Second, even though such terms as "led Israel" and "the Israelites,, regularly appear, you should not imagine that each (or any) of these judges was the leader of all Israel in the same sense that Moses and Joshua were. In fact, as the stories unfold, you will recognize that part
of the concern of the narrator is that precisely the opposite is true- that one or several tribes are oppressed and call on other tribes for help, which sometimes comes and sometimes doesn't, often resulting in intertribal strife. The irony of the narrative is that only at the end, in a case of intertribal disciplinary warfare, are all twelve tribes "united,,, as it were. Note, for example, the stinging words in Deborah's song about Reuben (5: 15- 16), who in a time of crisis and after "much searching of heart" stayed home "to hear the whistling for the flocks."
Third and related to this, is the matter of overall chronology. you will note that chronological language is frequently employed (,,after the time of . . ." and "the land had peace for . . . years") and that the overall scheme reflects the history of the times, beginning with sporadic oppression (Moab in the east) and concluding with philistine oppression, which is where the Samuel narrative picks up. Even so, you should not think of all of this as happening in chronological order. Peace in one place does not mean peace in another. And the parenthetical note in 20:27 -28 sets that story very early on in the period (the priest at Bethel is Aaron's grandson). The point is that the narrator is not as interested in a time line as such, as in the overall picture of the times
he is portraying.
But the one chronological matter that is crucial to his narrative is the gradual but unrelenting deterioration of things in Israel down to the time of Samuel. This is portrayed first of all by the structure itself, with its concluding stories in chapters 17 -21 . It is also reflected in the portrayal
of, the six major judges. The portrayals of Othniel, Ehud and Deborah are basically positive, despite some subterfuge on the part of Ehud and Jael (4:18-21). But beginning with Gideon, things begin to tilt. The Gideon story begins well, but turns out badly in the form of an idolatrous
ephod (8:24-27) and a murderous son, Abimelech (ch. 9). The Jephthah and Samson stories paint a picture of God's Spirit using less than exemplary leaders. Another way this theme is carried through is the use of "in the eyes of." Watch how each of the cycle stories begins: 'Again the Israelites did evil in the eyes of the Lord." At the end we are told what this means: "In those days there was no king in Israel; all the people did what was right in their own eyes" (17:6; 21:25 [NRSV]). The hinge point of this theme is an idiom that is usually expressed differently in English translation, where Samson rebelliously desires a young Philistine as his wife because (literally) o'she is right in my eyes" (14:3,7).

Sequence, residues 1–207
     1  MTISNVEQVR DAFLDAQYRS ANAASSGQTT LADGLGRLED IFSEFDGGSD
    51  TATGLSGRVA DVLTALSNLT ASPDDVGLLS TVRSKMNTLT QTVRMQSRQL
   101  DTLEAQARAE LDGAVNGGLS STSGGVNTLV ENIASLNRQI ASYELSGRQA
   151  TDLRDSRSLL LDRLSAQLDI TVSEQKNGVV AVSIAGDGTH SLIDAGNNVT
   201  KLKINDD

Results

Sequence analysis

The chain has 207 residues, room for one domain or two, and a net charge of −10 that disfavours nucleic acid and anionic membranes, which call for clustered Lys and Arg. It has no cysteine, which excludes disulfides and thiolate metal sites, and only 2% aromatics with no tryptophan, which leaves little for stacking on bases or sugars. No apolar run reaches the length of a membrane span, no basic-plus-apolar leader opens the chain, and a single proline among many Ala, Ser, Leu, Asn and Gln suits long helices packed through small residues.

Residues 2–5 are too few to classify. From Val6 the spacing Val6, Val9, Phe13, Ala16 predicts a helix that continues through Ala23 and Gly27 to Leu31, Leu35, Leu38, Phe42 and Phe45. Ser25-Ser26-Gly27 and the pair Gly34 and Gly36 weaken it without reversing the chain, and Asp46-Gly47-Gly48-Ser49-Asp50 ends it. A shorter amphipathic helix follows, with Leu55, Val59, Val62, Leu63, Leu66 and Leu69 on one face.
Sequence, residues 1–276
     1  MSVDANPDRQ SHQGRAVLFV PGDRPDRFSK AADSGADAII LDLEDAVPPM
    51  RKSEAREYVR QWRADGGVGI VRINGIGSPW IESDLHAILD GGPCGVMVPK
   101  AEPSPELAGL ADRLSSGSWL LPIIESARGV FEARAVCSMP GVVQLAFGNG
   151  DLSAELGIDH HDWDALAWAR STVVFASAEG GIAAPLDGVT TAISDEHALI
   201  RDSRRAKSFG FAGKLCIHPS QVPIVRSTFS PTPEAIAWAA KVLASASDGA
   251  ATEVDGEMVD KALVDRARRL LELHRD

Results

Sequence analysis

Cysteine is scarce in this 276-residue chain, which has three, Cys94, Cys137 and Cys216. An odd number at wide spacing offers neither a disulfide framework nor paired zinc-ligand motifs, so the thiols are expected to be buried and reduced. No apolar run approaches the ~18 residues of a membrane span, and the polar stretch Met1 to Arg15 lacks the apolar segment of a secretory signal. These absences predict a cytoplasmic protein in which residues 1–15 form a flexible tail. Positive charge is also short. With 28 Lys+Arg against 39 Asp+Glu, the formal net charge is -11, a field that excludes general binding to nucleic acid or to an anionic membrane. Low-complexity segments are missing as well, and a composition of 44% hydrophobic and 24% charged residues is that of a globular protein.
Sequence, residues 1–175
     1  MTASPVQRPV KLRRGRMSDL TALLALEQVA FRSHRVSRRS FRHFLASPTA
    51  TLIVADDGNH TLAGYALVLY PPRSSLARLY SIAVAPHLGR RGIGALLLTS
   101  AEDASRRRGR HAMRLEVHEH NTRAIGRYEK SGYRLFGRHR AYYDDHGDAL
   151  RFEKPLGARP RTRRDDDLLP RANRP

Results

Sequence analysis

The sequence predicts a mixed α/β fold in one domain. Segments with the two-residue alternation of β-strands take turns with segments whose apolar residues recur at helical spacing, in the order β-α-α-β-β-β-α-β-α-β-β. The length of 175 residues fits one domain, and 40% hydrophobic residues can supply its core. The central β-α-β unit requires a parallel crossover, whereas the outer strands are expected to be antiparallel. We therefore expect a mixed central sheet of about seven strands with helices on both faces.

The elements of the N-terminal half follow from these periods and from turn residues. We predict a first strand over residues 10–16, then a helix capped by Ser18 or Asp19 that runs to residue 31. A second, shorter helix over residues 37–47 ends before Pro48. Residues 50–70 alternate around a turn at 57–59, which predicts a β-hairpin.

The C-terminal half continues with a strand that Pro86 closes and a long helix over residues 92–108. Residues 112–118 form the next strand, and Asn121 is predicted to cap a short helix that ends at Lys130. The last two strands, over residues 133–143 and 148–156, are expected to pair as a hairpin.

Yet despite all this, God's care for his people holds the story together. This is especially discernible in the repeated notice that o'the Spirit of the Lord [Yahweh]"-mentioned in the opening Othniel story but absent in the Ehud and Deborah episodes-does come upon Gideon (6:34), Jephthah (11:29), and Samson (13:25; 14:6, 19;15:14). Even so, what is noticeably absent from Judges is any mention of, or even any sense of, the presence of the Lord in the midst of his people. The Tent of Meeting that Joshua set up at Shiloh (Josh 18:1) reappears there in 1 Samuel 2:22. In Judges we are told that the idolatry of the tribe of Dan continues "all the time the house of God was in Shiloh" (18:31), but Israel never consults with Yahweh there to hear from him. Israel is a people who have lost their way and their primary identity, and only God in mercy can bring order to this chaos.
A WALK THROUGH JUDGES
The tragic pattern in Judges points to the next phase of God's great
story of redemption, which will begin to move forward considerably
through the stories of Ruth and of her great'grandson David.